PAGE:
As you walk up the garden path through the beautifully clipped topiary St Mary’s House reveals herself. The close set vertical timbers and contrasting white panels reflect the light with a particular quality.
St Mary’s captured the imaginations of her current custodians and patrons, Peter Thorogood and Roger Linton, who bought the house and gardens in 1984. They have worked tirelessly and invested constantly in the house and gardens which were in some disrepair when they took them on. It has always been their express wish to open them to the public.
Their different gifts have blessed St Mary’s. Peter brought his experience at the British Council and his talents as a writer and researcher to the task of preserving St Mary’s. Roger, with a background in design seeded at the Royal College of Art, brought his skills as a conservator and set about restoring the property and designing the gardens. Peter’s love of music and theatre are given expression in the program of concerts and theatre which are also at the heart of St Mary’s life.
The house we see today incorporates the surviving wing from the late 15th century when William of Waynflete, the Bishop of Winchester, built a new Chapel House around a galleried courtyard. The house is a good example of the use of close set vertical timbers known as close studding which became widespread in Sussex at that time. The house would have originally welcomed pilgrims.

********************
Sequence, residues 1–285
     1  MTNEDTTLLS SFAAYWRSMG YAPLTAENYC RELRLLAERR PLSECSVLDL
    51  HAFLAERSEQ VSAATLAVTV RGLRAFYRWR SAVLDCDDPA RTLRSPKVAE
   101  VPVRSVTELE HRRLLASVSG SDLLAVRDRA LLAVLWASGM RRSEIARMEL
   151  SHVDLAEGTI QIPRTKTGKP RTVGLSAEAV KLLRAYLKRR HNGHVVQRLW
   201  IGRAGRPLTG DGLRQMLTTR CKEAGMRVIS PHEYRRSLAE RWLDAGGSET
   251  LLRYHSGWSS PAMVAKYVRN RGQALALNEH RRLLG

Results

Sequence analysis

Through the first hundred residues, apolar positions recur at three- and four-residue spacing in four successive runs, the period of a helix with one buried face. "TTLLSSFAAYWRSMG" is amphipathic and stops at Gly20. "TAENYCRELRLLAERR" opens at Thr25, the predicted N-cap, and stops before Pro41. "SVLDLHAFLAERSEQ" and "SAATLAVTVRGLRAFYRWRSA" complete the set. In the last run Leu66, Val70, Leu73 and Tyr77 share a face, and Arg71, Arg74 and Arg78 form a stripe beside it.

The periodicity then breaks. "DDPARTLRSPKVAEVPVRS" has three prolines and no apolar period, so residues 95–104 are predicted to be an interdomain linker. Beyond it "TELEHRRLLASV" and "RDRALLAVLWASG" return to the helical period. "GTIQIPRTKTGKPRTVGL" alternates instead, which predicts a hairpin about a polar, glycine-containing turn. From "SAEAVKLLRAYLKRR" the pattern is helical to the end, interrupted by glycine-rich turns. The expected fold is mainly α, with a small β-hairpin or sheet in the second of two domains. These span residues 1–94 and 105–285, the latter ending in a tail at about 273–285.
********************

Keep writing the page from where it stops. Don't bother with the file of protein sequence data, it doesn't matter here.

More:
Although there is a grandeur to this wonderful old house it is very much a home informed by the passions and interests of Peter Thorogood and Roger Linton. The collections and furniture speak of their lives, families and interests. I discover them at work in the Library. They tell me about the continuing challenges of restoring and preserving this important landmark in the history of Sussex. We walk along the landing as they speak passionately about the history of the house. I am always delighted by the Painted Room with its trompe l’oeil panels. Peter explains that they are thought to date from Tudor times. The panels have beautifully painted landscapes and sea-battle vignettes.
Over the years they have inspired a team of volunteers and friends to join them. Peter and Roger have a deep sense of dedication to this place and their vision to share St Mary’s with all of us. The care of St Mary’s has become a way of life for them and they deserve our thanks.
Whether you are visiting for the first time or returning to an old friend, as I often do, St Mary’s has a particular gift of taking us out of the busyness of our own lives and allowing us to see ourselves in that broad procession of human history of which Sussex has so often been at the centre. St Mary’s House and Gardens are open to the public for the 2017 season. For further details of opening times, concerts and events visit www.stmarysbramber.co.uk.
By Rupert Toovey, a senior director of Toovey’s, the leading fine art auction house in West Sussex, based on the A24 at Washington. Originally published in the West Sussex Gazette.